In the end, I realized that the qualities I find interesting in any story—relationships with surprising alliances and conflicting motives—are antithetical (pun intended) to ant life. Ants are more like lines of code. They are fascinating, and capable of building enormous societies, but they have more in common with a virus than with people.

I abandoned the idea. It didn’t make sense to write a story about ants if I had to turn them into people in order to make them dramatically engaging. Conversely, if I took people and turned them into ants in my story, I doubted that they would live long enough to finish the tale.

Be glad you’re not an ant!

 

Text & illustration copyright (c) 2018 by George Hagen

 

Shakespeare Loved Riddles

Here’s one of my favorite riddles by Shakespeare:

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“Who builds stronger things than a stonemason, a shipbuilder, or a carpenter?”

The answer is a gravedigger. “… The houses that he makes last till doomsday.

The riddle comes from Act V of Hamlet, and it’s told, of course, by a gravedigger.

 

Text & illustration copyright (c) 2018 by George Hagen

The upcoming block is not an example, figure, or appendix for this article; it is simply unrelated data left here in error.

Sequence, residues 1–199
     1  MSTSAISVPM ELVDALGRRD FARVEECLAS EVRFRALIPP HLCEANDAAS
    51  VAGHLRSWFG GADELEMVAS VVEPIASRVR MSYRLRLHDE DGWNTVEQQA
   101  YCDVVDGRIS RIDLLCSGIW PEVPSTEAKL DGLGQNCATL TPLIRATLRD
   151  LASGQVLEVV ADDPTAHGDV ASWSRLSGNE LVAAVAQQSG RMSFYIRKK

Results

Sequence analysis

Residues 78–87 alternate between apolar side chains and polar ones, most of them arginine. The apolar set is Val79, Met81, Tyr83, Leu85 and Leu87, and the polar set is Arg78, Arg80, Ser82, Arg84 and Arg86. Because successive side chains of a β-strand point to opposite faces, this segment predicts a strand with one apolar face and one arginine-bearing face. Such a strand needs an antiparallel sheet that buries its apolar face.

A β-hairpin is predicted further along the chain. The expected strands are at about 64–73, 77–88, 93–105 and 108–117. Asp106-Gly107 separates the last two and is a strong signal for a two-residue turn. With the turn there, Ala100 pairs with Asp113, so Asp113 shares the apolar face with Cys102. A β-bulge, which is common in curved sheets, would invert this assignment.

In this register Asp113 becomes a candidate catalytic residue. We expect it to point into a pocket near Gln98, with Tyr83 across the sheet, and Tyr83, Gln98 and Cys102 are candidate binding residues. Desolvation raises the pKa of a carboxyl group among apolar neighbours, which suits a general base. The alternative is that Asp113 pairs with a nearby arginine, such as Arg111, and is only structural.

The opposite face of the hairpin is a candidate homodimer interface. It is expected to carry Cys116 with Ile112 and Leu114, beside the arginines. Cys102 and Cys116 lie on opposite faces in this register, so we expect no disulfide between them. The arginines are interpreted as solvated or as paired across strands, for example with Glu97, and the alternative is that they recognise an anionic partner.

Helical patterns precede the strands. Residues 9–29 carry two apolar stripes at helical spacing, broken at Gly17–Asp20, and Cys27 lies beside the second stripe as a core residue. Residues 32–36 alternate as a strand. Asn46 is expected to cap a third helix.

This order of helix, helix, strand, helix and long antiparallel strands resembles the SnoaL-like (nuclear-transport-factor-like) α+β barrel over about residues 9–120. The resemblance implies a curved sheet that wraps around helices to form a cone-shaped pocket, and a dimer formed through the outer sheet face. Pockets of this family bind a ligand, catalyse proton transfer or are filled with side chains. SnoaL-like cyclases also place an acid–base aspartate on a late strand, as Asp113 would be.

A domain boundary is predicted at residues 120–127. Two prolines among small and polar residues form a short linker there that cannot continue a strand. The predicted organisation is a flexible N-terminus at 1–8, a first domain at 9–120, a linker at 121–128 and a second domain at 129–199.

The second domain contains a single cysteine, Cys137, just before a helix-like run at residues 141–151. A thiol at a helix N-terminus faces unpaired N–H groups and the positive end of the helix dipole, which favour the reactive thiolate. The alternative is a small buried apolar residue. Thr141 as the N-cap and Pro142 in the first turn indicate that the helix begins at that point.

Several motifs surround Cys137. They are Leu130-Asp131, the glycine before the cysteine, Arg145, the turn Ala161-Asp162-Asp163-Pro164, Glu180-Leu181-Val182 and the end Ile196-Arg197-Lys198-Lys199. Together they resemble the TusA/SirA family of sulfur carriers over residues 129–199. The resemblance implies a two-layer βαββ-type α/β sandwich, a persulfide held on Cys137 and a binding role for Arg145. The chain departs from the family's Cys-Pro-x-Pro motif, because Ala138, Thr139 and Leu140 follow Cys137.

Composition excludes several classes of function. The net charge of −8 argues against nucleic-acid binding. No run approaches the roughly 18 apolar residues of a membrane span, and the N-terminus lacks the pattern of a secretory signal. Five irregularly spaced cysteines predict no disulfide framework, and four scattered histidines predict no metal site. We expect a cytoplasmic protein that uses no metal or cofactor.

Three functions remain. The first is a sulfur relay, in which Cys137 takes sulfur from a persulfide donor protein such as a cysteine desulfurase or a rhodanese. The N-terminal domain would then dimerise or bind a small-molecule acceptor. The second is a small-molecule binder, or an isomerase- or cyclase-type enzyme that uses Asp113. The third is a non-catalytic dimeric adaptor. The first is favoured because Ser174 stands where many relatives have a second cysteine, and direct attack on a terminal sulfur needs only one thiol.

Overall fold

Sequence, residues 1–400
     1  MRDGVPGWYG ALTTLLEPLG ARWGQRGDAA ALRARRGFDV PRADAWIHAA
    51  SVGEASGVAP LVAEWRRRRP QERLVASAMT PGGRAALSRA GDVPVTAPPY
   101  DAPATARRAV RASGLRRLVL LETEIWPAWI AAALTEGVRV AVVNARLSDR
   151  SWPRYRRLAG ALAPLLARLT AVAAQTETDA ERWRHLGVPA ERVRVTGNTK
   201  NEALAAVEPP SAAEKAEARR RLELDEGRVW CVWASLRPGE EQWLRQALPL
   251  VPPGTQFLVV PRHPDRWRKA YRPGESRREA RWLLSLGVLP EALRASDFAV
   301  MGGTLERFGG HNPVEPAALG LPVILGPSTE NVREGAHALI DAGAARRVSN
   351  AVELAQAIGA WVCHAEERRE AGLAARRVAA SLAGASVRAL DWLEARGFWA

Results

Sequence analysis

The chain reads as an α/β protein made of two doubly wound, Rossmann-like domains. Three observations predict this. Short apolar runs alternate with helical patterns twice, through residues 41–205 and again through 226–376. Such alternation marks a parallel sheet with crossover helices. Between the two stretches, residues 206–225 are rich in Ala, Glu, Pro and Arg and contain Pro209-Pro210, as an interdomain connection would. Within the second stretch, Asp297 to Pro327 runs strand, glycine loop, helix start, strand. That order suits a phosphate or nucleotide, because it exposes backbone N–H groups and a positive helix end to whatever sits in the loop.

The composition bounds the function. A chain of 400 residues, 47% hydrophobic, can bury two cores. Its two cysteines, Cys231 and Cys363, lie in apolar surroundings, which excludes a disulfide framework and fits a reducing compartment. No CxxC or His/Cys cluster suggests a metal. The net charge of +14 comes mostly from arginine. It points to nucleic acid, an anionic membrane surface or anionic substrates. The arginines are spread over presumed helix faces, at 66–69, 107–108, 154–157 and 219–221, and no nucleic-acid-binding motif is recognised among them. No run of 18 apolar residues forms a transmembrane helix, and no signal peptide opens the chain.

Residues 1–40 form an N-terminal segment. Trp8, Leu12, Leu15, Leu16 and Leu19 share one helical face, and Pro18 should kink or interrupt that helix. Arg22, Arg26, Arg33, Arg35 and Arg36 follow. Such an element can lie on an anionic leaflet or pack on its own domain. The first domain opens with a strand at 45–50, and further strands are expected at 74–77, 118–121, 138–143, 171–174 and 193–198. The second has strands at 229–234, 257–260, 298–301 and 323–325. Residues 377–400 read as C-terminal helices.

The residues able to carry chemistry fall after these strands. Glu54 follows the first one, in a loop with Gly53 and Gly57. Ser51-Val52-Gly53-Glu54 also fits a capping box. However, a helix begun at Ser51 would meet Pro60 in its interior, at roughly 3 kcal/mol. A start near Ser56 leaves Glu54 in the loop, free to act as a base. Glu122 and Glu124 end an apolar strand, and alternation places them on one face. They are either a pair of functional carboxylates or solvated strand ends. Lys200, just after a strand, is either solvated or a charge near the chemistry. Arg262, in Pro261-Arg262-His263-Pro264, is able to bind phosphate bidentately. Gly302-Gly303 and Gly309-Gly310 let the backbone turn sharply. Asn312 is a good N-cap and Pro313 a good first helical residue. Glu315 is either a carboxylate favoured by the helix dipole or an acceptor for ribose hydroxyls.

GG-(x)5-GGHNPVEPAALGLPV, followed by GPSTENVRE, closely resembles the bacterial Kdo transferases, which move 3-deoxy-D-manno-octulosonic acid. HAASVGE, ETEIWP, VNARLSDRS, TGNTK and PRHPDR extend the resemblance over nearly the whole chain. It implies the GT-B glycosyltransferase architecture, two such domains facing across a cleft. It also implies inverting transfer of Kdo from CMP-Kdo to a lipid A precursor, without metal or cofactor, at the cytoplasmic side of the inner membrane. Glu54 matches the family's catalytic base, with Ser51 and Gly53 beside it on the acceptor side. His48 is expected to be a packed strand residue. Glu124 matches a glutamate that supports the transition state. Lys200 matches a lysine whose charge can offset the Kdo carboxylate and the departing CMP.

How To Begin.

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I’m talking about writing. How does one begin without an idea?

I hear this question from students all the time and I understand. Although I’ve been writing for forty years, I begin many days without an idea. A bare page is formidable. It taunts. It teases. It can send you running from a keyboard. Here’s how I begin: I commit to writing three pages. No matter what.

Other writers have told me that they write in order to find out what they’re thinking. The process of expressing oneself brings out dormant thoughts. I’ve written several books, and in the early stage, I start each day not knowing exactly what was going to happen when I sat down to write, but by the end of those three pages (sometimes it’s four or five if I’ve had a good day) I’ve found something. You will too.

How does it happen?

It’s like running. You start off slow (perhaps even awkwardly) but as you gain speed, your limbs start working together. The brain seems to do the same thing; it rallies your thoughts. Ideas start to appear; maybe you don’t like the first few, but then something useful comes—something you can work with.

On rare occasions I have a great idea from the start. Most often, however, I write the best version of a half-baked idea, knowing tomorrow will bring improvements.

This is the other thing about the brain. It works overnight. The next day, it provides fresh perspective, new ideas, and I’m off and running.

So, begin. Write anything. Three pages. Just three.

 

Images and text copyright (c) 2018 by George Hagen